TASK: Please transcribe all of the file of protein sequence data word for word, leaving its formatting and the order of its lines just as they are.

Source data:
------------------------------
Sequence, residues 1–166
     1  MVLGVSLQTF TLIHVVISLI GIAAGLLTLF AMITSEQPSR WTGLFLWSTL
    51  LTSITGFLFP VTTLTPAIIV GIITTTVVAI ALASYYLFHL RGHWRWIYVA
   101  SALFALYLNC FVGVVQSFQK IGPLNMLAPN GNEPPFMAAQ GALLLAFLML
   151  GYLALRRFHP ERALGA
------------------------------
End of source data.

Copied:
Sequence, residues 1–166
     1  MVLGVSLQTF TLIHVVISLI GIAAGLLTLF AMITSEQPSR WTGLFLWSTL
    51  LTSITGFLFP VTTLTPAIIV GIITTTVVAI ALASYYLFHL RGHWRWIYVA
   101  SALFALYLNC FVGVVQSFQK IGPLNMLAPN GNEPPFMAAQ GALLLAFLML
   151  GYLALRRFHP ERALGA